Our facilitators and theatre troupe give monthly theatre performances, and conduct workshops that promote community health and social change. Most recently, we’ve been commissioned by Care International, the United Nations Population Fund and the United Nations World Food Program to work with refugees in Cairo, Damietta and Alexandria.

Dawar also hosts cultural events for new and emerging artists, including theatre performances, film screenings, art exhibitions, live music and poetry readings. In addition to this, we offer professional training in therapeutic drama, applied theatre and arts-based community work for educators, community workers and mental health professionals.

Dawar’s vision is a world where creativity, equality and compassion are actively embraced at all levels of society.

Why is psychodrama used increasingly in the Middle East?

The impulse towards creativity and expression is a universal phenomenon.  However, these impulses can become magnified under adverse and oppressive conditions. When oppressed, we strive to speak truth to power. We long to connect with each other in a vibrant and embodied way, as in Palestine, where dabke (an Arabic folk dance) and songs of resistance play an important role in keeping people’s spirits alive and strong. Likewise, participatory theatre and other community artforms offer a space where people can gather, share, dream and rehearse for a better world.

For three years, you lived and worked at The Freedom Theatre in Jenin Refugee Camp, in Occupied Palestine. Describe that experience.

In Israel-Palestine my eyes opened to the horrific consequences of an apartheid regime intent on colonisation and subjugation of the Indigenous people.  Living there was, of course, different to learning about it vicariously. Living in a place, you build relationships with people and places. You hurt differently when it is a friend or colleague who is arrested, tortured or killed. You feel strongly, and are moved to action when you see land stolen, homes demolished and people routinely humiliated.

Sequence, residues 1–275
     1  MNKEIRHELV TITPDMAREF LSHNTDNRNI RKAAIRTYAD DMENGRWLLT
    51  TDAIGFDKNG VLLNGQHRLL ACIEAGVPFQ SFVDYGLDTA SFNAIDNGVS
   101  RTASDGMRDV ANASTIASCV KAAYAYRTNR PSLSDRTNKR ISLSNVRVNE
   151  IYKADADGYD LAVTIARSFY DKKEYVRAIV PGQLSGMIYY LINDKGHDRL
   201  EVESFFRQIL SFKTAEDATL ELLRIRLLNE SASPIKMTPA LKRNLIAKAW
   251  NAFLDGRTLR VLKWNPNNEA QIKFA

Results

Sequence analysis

At the same time, Palestine taught me that we can live with humour, kindness and generosity under the most brutal of conditions.

What benefits have you seen for the individuals and communities in which you’ve worked?

Imagination and solidarity are the number one targets of all oppressive regimes. The arts offer us a way to keep these powerful forces alive and well.

What inspires you about what you do?

I, too, benefit when we come together to dance, move, sing and share stories. Connection, play and creativity are medicine for practitioner and participant alike. At the same time, I find myself working with people who live with hardships and suffering that I have never had to endure. This continually reminds me to make best use of the resources and privileges I hold.  In every community, I come across extraordinary people, survivors who are serving others with hope, love and commitment. These people are a beacon for me, pointing towards a form of strength and resilience that is truly inspirational.

Describe your experience of studying at UNE.

While completing my PhD in the Middle East I chose to use a highly participatory form of research – engaging closely with the communities, movements and practices I was writing about.  I feel grateful for all the support and encouragement my supervisor, Dr Rebecca Spence, gave me throughout this process. The opportunity to conduct original, in-depth and applied research felt like an antidote to my prior educational experiences. I was travelling in unchartered territory, discovering, learning and co-creating with the people I was working with. This felt extremely exciting and meaningful. I feel very fortunate that UNE enabled this experience for me.